Here is a sampling of productions which ranged from doing solid business to closing early:





The Mountaintop (2011-12) – Samuel L. Jackson




Orphans (2013) – Alec Baldwin*




Exit the King (2009) – Geoffrey Rush
& Susan Sarandon




The Heiress (2012-13) – Jessica Chastain




A Behanding in Spokane (2010)
– Christopher Walken




Cat on a Hot Tin Roof (2013) – Scarlett Johannson




Equus (2008-2009) – Daniel Radcliffe




33 Variations (2009) – Jane Fonda




Bengal Tiger at the Bagdhad Zoo (2011)
– Robin Williams




Dead Accounts (2012-3) – Katie Holmes*




A Life in the Theatre (2010) – Patrick Stewart*




* Closed early

As you can see, there is no “magic number” across the board that would result in a play closing early.  While Baldwin’s Orphans sold more tickets per show on average than almost every other production on the above list during its abbreviated run, production costs must have just been too high to keep it afloat on those figures (in other words, spread across more performances that percentage would have certainly dropped).

Curiously, three actors appear on this chart and my Successful chartScarlett Johansson, Daniel Radcliffe, and Patrick Stewart.  Stewart’s A Life in the Theatre was a disaster considering his popularity (and the popularity of the play’s author, David Mamet), yet only two years earlier Stewart starred in a very successful production of Macbeth.  However, that in itself could have been the problem: two years is a relatively short time in the Broadway theater business, and audiences that saw Stewart in Macbeth might not have been willing to pay to see him in something so soon afterward.  In addition, Macbeth had a shorter run (just 63 scheduled performances), which created more of a demand, and, after all, it was Patrick Stewart doing one of Shakespeare’s most famous plays.  What theater fan wouldn’t want to see that?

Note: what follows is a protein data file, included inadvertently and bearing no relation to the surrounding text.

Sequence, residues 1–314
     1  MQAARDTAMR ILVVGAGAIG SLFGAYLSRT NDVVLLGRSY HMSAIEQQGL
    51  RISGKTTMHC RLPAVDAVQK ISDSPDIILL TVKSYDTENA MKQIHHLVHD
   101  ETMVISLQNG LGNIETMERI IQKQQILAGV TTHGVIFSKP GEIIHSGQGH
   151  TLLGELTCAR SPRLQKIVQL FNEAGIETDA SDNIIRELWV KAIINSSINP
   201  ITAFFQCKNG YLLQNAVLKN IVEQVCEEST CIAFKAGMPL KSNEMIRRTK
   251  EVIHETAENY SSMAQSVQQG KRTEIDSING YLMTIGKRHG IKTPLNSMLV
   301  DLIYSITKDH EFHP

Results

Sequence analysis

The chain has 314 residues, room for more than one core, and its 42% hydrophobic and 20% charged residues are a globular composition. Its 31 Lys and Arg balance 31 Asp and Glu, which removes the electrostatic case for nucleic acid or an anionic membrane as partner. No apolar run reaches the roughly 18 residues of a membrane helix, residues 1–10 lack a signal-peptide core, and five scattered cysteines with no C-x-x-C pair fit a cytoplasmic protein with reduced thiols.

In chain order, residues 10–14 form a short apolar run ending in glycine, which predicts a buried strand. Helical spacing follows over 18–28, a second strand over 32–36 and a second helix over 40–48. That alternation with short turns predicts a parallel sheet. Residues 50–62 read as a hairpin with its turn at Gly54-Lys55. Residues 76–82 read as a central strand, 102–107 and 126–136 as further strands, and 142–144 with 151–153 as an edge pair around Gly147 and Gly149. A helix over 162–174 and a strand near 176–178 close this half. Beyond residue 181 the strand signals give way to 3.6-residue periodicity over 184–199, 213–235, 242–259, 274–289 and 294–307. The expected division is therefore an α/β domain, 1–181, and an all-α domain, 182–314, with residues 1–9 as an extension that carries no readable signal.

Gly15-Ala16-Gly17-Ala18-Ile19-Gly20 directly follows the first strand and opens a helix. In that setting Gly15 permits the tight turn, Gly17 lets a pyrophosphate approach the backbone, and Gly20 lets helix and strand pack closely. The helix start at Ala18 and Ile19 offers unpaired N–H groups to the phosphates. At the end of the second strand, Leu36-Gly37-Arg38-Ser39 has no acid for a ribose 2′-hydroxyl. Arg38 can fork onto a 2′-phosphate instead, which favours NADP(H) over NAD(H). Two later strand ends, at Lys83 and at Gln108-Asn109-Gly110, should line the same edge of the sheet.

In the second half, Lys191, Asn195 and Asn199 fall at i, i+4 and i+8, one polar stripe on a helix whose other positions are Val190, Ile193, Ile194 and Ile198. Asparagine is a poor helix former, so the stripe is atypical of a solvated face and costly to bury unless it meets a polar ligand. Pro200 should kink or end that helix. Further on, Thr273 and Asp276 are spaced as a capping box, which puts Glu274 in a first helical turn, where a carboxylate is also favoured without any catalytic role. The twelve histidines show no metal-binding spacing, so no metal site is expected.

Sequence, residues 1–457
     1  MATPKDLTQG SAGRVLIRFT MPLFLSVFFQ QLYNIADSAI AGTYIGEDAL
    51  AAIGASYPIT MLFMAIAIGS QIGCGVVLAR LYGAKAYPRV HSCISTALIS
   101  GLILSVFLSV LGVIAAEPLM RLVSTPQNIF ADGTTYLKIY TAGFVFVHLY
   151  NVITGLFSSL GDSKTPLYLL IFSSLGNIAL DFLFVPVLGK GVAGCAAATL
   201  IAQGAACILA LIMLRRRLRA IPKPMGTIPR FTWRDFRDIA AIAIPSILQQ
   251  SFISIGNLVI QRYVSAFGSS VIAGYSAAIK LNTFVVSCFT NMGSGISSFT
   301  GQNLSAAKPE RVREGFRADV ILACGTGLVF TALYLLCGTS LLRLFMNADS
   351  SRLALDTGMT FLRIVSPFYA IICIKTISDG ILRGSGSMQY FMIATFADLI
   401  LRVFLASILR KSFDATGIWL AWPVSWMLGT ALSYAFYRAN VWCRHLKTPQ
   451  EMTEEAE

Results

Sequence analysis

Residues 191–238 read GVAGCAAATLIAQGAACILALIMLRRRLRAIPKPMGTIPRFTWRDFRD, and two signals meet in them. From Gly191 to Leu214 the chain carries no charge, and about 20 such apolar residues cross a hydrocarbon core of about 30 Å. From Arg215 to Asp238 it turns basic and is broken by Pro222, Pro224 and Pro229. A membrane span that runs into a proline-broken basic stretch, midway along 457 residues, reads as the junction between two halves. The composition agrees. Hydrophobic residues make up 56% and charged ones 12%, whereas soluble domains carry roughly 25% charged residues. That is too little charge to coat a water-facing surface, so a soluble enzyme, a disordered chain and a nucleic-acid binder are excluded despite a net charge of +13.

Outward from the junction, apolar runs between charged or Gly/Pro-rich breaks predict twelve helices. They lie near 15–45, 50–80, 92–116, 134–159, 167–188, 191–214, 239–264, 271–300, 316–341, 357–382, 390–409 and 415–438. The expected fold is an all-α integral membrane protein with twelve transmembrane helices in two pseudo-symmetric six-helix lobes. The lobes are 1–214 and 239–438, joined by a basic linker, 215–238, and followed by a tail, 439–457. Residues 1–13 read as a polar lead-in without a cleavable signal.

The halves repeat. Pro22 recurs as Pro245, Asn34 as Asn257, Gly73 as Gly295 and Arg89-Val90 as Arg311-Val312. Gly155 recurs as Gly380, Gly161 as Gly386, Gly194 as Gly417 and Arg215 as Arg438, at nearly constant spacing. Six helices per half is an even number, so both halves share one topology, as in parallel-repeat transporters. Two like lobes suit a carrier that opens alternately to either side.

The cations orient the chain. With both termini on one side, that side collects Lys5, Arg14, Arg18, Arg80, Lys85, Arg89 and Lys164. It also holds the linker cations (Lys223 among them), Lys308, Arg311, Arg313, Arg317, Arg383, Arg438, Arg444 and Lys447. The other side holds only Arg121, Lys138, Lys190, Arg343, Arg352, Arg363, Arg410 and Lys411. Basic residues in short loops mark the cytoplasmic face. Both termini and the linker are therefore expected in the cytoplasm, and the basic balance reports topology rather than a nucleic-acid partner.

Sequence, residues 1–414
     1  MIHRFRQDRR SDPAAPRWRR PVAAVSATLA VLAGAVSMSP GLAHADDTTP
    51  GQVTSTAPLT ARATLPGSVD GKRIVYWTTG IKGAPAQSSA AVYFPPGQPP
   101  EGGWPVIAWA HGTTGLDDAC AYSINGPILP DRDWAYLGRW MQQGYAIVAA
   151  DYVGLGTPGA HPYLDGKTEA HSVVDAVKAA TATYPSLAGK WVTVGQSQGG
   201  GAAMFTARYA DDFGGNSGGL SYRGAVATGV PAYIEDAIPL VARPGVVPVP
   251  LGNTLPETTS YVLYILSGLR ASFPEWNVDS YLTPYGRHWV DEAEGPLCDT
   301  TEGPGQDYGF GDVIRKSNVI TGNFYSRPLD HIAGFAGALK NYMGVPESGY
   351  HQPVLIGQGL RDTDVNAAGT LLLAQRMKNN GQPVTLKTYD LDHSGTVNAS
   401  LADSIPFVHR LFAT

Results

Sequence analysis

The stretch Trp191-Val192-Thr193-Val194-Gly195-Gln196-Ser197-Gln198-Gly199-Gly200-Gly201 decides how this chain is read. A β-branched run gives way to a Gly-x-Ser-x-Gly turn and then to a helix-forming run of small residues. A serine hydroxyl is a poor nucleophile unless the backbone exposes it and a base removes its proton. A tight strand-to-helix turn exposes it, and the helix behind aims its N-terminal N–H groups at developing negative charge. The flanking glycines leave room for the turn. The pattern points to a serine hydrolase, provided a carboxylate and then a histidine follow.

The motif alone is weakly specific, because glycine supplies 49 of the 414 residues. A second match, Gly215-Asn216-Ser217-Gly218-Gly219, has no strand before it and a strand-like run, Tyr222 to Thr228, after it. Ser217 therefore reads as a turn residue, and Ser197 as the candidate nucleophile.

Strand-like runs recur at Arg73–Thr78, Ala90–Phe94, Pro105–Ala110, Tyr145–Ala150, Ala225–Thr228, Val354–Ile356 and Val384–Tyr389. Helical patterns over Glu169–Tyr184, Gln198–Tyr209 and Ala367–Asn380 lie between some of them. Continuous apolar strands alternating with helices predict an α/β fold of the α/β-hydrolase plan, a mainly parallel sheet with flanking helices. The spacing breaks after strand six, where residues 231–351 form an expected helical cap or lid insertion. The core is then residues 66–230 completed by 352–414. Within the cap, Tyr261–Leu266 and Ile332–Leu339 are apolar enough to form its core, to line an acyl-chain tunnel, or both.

Radcliffe is a more interesting case because his more successful production came after.  Radcliffe made his Broadway debut in Equus, a dramatic play about a teenager who is undergoing psychiatry after blinding six horses.  In other words, not exactly the type of work young Harry Potter audiences would flock to.  However, contrast that with Radcliffe’s year-long run in the musical revival How to Succeed in Business Without Really Trying (something obviously much more mainstream) which sold a fantastic weekly average attendance of 94% capacity for the entire year.  Any producer would be thrilled with that kind of sustained success.

Johansson is perhaps the easiest case to explain.  Cat on a Hot Tin Roof was last on Broadway only five years previously in a very successful production featuring a popular ensemble cast that included Terrence Howard, James Earl Jones, and Phylicia Rashad.  That alone might explain why it didn’t sell nearly as well as Johansson’s Broadway debut in 2009-10’s A View from the Bridge (itself also a revival, but not as recent).  Or perhaps like Stewart the novelty of seeing Johansson on Broadway had been filled by her previous appearance.  Whatever the case, audiences were less interested the second time around (a problem not faced by Hugh Jackman or Al Pacino, who have both starred in two very successful productions in recent years).

So for the most part it seems like star casting is just as risky as any other way to launch a Broadway show considering the expense.  With names like Rebecca Hall, Rebecca Weisz, Rafe Spall, Zachary Levi, and Orlando Bloom making their Broadway debuts over the next few months and veteran Broadway stars like Ian McKellen, Patrick Stewart, Daniel Craig, and Billy Crudup returning, star casting isn’t going anywhere until it proves to be more expensive than it’s worth.  Of course, producers will always be hoping for Lucky Guy successes rather than The Performers disasters. 

It’s just too bad Hugh Jackman and Al Pacino can’t be in everything though… at least as far as producers are concerned!